The Atlantic Hurricane Season’s Next Storm Could Develop off Bermuda

FLORIDA, United States, Wednesday July 4, 2018 – A tropical depression, or even Tropical Storm Beryl, could develop in the next few days between Bermuda and the United States, according to the National Hurricane Centre (NHC) in Miami.

Forecasters are watching a trough of low pressure that is bringing with it disorganized showers and thunderstorms within a few hundred miles to the south of Bermuda.

“Environmental conditions appear conducive for some development of this system, and a tropical depression could form before the end of the week while the system moves west-northwestward and then northward between Bermuda and the east coast of the United States,” the NHC said.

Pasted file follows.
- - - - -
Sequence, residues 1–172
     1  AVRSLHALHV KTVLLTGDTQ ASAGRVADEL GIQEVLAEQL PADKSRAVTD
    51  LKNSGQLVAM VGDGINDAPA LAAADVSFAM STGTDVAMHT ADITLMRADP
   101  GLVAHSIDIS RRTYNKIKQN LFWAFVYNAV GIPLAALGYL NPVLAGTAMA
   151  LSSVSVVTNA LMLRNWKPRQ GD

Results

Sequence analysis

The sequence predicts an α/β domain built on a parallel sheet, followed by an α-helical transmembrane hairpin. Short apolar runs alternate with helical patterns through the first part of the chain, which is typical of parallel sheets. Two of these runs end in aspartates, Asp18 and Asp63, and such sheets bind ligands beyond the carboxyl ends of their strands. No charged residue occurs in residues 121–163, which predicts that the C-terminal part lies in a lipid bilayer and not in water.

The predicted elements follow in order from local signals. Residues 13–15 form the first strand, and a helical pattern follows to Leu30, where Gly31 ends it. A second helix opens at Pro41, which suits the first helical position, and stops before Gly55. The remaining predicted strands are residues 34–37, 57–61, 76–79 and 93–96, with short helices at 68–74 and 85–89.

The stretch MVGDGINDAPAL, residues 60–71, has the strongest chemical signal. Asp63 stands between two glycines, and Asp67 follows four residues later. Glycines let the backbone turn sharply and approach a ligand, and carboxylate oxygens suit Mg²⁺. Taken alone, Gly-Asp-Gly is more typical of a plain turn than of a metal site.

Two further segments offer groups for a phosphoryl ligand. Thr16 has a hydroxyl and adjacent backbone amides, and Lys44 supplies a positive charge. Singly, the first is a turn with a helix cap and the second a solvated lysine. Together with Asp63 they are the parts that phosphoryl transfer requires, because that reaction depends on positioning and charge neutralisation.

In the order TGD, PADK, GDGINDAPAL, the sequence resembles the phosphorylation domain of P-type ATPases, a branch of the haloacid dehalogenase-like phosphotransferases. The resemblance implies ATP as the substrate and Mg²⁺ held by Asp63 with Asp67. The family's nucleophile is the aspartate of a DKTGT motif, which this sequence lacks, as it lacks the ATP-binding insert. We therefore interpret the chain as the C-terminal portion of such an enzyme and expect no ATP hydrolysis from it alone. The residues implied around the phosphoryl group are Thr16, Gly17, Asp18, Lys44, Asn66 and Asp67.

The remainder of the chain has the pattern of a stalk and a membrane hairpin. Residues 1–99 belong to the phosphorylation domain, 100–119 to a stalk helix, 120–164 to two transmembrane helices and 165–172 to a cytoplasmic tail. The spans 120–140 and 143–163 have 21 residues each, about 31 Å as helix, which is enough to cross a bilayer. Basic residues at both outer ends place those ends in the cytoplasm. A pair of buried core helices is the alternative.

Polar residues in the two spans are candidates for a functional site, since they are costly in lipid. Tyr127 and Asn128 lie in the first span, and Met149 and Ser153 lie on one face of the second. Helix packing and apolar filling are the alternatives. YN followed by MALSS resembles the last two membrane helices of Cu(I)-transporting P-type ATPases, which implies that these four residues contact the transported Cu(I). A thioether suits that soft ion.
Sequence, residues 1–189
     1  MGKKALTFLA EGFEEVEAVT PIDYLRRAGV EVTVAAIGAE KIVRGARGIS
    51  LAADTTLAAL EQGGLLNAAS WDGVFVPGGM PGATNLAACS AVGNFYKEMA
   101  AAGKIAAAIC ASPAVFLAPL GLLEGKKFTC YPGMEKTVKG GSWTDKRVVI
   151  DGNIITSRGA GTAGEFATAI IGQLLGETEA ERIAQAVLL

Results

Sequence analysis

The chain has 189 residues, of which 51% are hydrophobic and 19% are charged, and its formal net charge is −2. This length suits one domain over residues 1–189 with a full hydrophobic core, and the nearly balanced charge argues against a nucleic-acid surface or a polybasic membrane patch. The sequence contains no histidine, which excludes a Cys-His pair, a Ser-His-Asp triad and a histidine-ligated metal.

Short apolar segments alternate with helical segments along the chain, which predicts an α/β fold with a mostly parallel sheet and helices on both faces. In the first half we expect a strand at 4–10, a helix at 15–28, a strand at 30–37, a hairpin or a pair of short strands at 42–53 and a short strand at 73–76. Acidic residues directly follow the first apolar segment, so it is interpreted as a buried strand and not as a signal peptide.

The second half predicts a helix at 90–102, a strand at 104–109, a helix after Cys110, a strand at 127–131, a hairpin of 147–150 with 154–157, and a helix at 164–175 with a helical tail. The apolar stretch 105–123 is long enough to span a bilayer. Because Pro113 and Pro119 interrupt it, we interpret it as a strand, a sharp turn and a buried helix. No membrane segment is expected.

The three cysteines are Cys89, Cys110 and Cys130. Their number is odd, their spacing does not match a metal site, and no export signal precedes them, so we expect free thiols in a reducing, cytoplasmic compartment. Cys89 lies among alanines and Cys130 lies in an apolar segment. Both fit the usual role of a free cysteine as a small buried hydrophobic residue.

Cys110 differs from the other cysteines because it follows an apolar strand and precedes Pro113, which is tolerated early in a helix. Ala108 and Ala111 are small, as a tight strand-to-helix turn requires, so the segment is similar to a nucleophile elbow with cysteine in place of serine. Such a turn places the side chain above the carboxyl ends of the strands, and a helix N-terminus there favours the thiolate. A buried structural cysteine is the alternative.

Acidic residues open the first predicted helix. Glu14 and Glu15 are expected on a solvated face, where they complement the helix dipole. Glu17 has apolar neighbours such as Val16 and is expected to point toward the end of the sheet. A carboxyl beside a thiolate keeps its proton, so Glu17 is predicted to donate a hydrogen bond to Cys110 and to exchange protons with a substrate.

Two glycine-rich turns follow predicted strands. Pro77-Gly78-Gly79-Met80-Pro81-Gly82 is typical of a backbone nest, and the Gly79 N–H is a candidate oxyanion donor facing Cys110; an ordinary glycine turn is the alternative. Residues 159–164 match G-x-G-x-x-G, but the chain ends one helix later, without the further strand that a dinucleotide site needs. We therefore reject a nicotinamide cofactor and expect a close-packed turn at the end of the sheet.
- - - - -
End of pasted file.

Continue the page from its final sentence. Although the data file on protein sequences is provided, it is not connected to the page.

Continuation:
But it added that the system is forecast to interact with a frontal system on Sunday, which would limit any additional development.

Even so, it has given the system a medium chance of developing further.

It put the odds of formation through the next two days at 40 per cent, and increased that to 60 per cent over a five-day period.

There is also some other activity elsewhere in the Atlantic.

A second tropical wave has developed in the eastern Atlantic several hundred miles west-southwest of the Cabo Verde Islands, off Africa’s west coast.

This morning, it was moving to the west at 10 to 15 miles per hour and the NHC said it had a 30 per cent chance of developing more over the next two to five days.

However, it added that upper-level winds are expected to become less conducive for development by this weekend when the system approaches the Lesser Antilles.

It has been a quiet season so far, with no storm activity since Subtropical Storm Alberto formed in May, ahead of the June 1 start of the Atlantic hurricane season.

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